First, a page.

and on the web at hurricanes.gov/graphics_at4.shtml?key_messages.
STORM SURGE: The combination of a dangerous storm surge and the
tide will cause normally dry areas near the coast to be flooded by
rising waters moving inland from the shoreline. The water could
reach the following heights above ground somewhere in the indicated
areas if the peak surge occurs at the time of high tide...
Morgan City, LA to Bay St. Louis, MS including Lake
Lake Pontchartrain...5-8 ft
Bay St. Louis, MS to Ocean Springs, MS...4-7 ft
Lake Maurepas...4-6 ft
Ocean Springs to AL/FL border including Mobile Bay...3-5 ft
Intracoastal City, LA to Morgan City, LA including Vermilion
AL/FL border to Okaloosa/Walton County Line including Pensacola
Overtopping of local levees outside of the Hurricane and Storm
Damage Risk Reduction System is possible where local inundation
values may be higher than those shown above.
The deepest water will occur along the immediate coast near and to
the east of the landfall location, where the surge will be
accompanied by large and dangerous waves. Surge-related flooding
depends on the relative timing of the surge and the tidal cycle, and
can vary greatly over short distances. For information specific to
your area, please see products issued by your local National Weather
Service forecast office.
WIND: Wind damage is likely near the core of Ida as it moves
farther inland over southeastern Louisiana during the next few
Hurricane conditions will spread farther inland within the Hurricane
Warning area over southeastern Louisiana for the next few hours.
Tropical storm conditions will also spread inland over portions of
Louisiana and Mississippi through Monday.
RAINFALL: Heavy rainfall from Ida will continue to impact the
southeast Louisiana coast, spreading northeast into the Lower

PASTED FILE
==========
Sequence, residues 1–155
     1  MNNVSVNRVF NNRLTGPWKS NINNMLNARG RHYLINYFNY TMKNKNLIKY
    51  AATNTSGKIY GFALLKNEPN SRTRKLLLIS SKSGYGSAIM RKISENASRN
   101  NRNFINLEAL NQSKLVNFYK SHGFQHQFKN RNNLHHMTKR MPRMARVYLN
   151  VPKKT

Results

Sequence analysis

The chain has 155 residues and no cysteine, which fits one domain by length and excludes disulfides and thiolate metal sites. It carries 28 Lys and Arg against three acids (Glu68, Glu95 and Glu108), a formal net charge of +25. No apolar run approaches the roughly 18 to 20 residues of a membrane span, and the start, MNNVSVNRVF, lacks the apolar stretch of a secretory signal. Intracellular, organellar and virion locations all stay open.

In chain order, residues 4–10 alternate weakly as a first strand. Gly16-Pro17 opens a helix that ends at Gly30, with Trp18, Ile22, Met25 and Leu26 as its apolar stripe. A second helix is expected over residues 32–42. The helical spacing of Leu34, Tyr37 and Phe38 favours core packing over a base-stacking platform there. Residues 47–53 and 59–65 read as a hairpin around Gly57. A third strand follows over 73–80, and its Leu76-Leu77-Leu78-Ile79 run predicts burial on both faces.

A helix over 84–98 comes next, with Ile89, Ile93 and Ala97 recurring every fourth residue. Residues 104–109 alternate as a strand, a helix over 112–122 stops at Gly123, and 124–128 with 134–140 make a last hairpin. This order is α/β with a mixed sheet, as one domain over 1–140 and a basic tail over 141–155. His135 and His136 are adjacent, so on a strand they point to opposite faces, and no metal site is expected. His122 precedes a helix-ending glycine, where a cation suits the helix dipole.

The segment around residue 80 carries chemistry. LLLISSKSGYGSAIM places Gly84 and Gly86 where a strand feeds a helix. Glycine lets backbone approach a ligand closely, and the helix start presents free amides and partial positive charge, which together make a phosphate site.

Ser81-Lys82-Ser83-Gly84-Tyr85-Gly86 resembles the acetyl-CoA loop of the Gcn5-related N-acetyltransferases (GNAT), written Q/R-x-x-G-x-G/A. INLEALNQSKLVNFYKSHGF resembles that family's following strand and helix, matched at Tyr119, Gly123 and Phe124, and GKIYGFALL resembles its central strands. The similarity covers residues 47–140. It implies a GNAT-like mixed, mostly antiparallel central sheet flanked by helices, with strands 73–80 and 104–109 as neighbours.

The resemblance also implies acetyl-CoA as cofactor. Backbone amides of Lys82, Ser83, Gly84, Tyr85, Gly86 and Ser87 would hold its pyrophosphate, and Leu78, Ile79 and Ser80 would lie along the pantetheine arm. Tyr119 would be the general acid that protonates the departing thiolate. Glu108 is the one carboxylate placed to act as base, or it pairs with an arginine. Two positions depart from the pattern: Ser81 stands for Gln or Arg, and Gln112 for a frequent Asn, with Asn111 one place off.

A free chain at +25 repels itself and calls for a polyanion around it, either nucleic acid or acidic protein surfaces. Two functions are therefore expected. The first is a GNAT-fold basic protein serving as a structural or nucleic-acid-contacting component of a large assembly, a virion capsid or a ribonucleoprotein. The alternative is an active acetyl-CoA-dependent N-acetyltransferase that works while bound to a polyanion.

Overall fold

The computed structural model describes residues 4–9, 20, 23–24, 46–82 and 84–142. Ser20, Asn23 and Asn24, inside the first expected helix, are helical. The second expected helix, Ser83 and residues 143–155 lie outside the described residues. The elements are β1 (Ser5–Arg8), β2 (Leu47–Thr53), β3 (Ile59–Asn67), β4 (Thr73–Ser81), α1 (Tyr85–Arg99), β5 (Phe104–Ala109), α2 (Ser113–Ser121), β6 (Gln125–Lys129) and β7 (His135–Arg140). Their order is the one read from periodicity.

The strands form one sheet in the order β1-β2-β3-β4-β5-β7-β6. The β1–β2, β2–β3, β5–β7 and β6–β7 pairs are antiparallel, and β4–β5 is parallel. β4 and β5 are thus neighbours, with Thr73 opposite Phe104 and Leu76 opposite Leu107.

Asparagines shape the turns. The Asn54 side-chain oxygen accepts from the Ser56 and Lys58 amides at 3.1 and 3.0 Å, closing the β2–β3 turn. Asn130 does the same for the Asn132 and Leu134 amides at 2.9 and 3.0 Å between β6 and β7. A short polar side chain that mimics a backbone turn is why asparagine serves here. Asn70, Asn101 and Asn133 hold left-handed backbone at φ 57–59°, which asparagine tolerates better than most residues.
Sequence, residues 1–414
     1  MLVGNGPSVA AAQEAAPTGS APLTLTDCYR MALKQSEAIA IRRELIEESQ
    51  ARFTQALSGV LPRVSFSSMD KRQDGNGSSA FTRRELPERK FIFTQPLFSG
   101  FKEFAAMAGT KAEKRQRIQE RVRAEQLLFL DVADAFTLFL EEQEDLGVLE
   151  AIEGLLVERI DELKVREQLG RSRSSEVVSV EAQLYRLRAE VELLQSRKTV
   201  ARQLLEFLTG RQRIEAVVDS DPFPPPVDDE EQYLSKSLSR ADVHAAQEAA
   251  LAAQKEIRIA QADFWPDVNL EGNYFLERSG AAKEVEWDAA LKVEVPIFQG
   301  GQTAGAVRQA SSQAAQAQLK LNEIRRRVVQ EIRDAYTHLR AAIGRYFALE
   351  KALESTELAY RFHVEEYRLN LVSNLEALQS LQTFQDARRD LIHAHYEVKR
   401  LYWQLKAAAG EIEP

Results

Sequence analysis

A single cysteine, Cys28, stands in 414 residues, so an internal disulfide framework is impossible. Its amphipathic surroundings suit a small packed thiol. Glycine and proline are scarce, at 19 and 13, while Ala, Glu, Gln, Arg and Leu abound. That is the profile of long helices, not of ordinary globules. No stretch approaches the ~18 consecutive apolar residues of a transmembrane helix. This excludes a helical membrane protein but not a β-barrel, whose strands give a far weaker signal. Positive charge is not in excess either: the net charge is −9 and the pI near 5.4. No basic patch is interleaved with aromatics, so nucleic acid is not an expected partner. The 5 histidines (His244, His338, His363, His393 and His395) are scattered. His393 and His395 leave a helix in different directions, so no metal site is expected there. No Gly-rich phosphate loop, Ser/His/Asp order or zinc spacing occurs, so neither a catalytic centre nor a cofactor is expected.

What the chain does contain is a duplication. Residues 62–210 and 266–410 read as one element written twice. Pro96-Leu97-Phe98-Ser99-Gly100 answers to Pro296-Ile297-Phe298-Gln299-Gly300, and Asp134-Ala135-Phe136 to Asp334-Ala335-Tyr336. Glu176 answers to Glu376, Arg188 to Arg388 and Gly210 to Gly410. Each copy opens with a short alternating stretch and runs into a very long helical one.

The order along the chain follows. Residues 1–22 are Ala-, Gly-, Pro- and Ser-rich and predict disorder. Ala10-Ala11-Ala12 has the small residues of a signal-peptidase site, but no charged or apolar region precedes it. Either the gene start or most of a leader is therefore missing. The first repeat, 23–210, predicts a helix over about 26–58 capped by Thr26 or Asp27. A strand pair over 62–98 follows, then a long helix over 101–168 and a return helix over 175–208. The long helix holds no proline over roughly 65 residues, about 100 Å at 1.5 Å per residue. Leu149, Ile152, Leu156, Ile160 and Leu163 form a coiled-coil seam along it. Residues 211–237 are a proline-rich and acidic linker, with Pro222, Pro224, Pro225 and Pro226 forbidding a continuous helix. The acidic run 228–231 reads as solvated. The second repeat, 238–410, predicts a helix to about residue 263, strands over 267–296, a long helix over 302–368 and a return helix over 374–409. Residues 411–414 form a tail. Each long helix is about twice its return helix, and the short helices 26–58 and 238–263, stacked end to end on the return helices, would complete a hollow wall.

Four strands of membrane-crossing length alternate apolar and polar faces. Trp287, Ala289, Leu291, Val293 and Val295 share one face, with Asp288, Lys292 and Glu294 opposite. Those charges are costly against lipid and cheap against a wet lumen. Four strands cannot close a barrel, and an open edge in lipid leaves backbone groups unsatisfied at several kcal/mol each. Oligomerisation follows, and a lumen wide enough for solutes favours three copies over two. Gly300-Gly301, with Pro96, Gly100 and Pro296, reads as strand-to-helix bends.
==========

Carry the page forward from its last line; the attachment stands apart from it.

Mississippi Valley this evening into Monday. Total rainfall
accumulations of 10 to 18 inches with isolated maximum amounts of
24 inches are possible across southeast Louisiana into far southern
Mississippi through Monday. This is likely to result in life-
threatening flash and urban flooding and significant river
Ida is forecast to turn to the northeast on Monday and track across
the Middle Tennessee Valley and Upper Ohio Valley through Wednesday,
producing the following rainfall totals:
Coastal Alabama to the far western Florida panhandle: 5 to 10 inches
with isolated maximum amounts of 15 inches, today through Tuesday
Central Mississippi: 4 to 8 inches with isolated maximum amounts of
12 inches, tonight through Monday night.
Middle Tennessee Valley, Upper Ohio Valley, Central Appalachians
into the Mid-Atlantic: 3 to 6 inches with isolated higher amounts,
Tuesday into Wednesday.
These rainfall totals will result in considerable flash flooding
along with widespread minor to isolated major riverine flooding from
the Lower Mississippi Valley into far western Alabama.
TORNADOES: Tornadoes will be most likely through Monday over
southeast Louisiana, southern Mississippi, southwest Alabama, and
the western Florida Panhandle. A few tornadoes are also possible
farther north across much of Mississippi and Alabama on Monday.
SURF: Swells will continue to affect the northern Gulf coast
through Monday. These swells are likely to cause life-threatening
surf and rip current conditions. Please consult products from your
local weather office.